9. Sarah April 8, 2014 at 9:36 am - Reply

    Stunning photos! D you take them all yourself? Just curious.. if so, what kind of camera do you have?

    Anyway, one of the goals I had for 2016 is to do a mother/daughter trip to India, more for a yoga trip, but I would love to visit.

    • Jodi April 25, 2014 at 12:19 am - Reply

      Hi Sarah, yes these are all my photos. I use an EP-3 Olympus camera, and having forgotten my kit lens at home, these were all taken with a f/1.7 aspherical lens. :)

  10. Stephanie Ussery August 1, 2014 at 8:18 pm - Reply

    Enjoyed this as I am considering a trip to India fall 2015 and will be almost 67 then! I have no traveling partner for a trip this exotic so will be traveling solo which is why G Adventures is appealing. Thanks for your comments about staying over with greater confidence after the tour. I had been thinking of going early, so good advice. I want to go north afterwards as well for a few days flying solo. Wish me luck!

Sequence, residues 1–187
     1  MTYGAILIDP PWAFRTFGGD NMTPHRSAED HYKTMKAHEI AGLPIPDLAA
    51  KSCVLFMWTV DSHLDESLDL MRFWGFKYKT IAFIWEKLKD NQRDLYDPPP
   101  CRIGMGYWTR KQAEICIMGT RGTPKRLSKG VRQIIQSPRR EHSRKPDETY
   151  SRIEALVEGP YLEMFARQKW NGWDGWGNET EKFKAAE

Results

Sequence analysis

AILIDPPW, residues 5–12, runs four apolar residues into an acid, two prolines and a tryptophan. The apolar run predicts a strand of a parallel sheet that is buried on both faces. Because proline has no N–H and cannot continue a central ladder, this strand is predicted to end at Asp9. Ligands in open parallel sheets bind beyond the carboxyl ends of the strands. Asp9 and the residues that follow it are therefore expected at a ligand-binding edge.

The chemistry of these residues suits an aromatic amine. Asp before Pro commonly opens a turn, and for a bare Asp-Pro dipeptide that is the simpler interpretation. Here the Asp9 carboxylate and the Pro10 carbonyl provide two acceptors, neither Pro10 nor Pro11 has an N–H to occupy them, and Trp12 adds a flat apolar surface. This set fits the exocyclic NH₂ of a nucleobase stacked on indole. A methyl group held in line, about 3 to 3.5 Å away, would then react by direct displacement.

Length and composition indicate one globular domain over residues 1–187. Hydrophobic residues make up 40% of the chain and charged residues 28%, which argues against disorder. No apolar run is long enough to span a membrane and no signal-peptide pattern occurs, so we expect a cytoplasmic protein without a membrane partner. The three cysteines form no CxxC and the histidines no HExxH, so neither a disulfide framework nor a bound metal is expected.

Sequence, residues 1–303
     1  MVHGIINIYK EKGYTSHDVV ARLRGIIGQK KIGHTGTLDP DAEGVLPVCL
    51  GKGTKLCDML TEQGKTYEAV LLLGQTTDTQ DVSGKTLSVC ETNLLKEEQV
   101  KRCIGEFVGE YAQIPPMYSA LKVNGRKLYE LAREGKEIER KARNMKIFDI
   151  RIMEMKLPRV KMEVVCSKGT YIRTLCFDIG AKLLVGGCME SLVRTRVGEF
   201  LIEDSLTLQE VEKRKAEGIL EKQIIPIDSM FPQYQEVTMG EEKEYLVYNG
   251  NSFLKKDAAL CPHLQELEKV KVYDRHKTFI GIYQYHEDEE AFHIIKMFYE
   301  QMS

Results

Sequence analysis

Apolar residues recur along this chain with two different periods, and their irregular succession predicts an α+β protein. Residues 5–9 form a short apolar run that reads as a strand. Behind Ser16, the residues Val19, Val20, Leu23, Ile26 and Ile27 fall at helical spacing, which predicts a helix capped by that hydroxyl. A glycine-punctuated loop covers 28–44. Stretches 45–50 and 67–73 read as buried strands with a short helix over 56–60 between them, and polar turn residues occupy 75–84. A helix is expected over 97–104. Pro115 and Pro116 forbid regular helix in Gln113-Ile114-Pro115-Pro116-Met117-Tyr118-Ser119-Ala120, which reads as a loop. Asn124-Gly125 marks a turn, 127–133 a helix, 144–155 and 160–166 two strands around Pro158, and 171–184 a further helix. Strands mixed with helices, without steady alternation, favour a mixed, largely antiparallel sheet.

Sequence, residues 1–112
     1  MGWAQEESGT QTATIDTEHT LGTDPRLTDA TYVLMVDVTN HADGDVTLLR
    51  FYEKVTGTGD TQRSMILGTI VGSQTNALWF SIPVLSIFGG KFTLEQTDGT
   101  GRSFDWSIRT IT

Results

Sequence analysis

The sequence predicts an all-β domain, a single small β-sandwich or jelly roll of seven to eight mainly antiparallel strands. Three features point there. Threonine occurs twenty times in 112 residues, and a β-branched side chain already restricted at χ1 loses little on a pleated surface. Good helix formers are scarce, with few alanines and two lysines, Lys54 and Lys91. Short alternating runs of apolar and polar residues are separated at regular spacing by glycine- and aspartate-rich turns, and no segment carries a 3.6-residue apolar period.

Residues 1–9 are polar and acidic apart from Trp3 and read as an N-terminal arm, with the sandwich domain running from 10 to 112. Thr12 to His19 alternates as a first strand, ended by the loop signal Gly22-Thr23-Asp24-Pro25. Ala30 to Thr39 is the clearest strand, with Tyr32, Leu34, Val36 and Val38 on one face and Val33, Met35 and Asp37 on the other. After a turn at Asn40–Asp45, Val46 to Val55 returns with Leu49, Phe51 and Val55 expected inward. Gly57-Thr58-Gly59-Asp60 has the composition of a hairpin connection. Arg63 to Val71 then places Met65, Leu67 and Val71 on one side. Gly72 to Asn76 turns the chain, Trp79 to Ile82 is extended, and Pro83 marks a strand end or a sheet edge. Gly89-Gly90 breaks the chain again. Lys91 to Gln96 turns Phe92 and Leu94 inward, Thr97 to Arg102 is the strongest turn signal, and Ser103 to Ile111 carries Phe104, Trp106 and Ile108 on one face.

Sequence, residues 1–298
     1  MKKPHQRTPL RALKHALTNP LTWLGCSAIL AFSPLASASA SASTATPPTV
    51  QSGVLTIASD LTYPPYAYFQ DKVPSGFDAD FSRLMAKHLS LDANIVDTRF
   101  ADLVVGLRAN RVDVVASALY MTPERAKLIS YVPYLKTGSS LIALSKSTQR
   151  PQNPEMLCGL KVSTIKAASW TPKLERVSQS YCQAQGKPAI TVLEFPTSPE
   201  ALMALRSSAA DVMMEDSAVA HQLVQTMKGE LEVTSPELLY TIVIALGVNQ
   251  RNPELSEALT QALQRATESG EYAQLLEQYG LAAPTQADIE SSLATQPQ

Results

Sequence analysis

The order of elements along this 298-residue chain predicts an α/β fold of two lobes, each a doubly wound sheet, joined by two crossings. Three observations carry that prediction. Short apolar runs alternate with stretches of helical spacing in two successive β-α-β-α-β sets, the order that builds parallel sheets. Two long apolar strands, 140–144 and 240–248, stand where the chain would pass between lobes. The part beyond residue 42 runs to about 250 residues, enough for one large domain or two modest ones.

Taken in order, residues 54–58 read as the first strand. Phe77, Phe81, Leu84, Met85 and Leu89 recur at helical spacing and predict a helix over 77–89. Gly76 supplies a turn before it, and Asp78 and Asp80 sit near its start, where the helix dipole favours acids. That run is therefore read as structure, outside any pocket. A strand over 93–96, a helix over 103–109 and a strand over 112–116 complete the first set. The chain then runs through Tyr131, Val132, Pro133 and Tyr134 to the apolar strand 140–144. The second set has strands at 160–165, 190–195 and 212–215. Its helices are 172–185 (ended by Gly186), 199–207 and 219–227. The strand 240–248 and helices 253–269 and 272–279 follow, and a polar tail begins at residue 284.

11. Tara Lynn Dillon August 2, 2014 at 10:19 am - Reply

    What do you mean by wanderer in residence? I would love to find a way to work more interesting travel in my life.

    • Daniel Sendecki August 5, 2014 at 4:33 pm - Reply

      Hi Tara — Dan from G Adventures here! The people chosen as our Wanderers in Residence truly represent the spirit of travel and are inspirations for us all—putting aside everything to get out and see the world, selling belongings, quitting jobs, and saving. Then saving some more. All told, they’ve been on the road for a combined 15+ years. Check out all of our Wanderers here.

  12. Kusum August 3, 2014 at 5:47 am - Reply

    What a wonderful trip and pics in India. I am planning to be in New Delhi for a month next year on a home exchange. In other words, accommodation free. I am over 60 category. Anybody out there who would like to join me, to enjoy the time like Jodi did.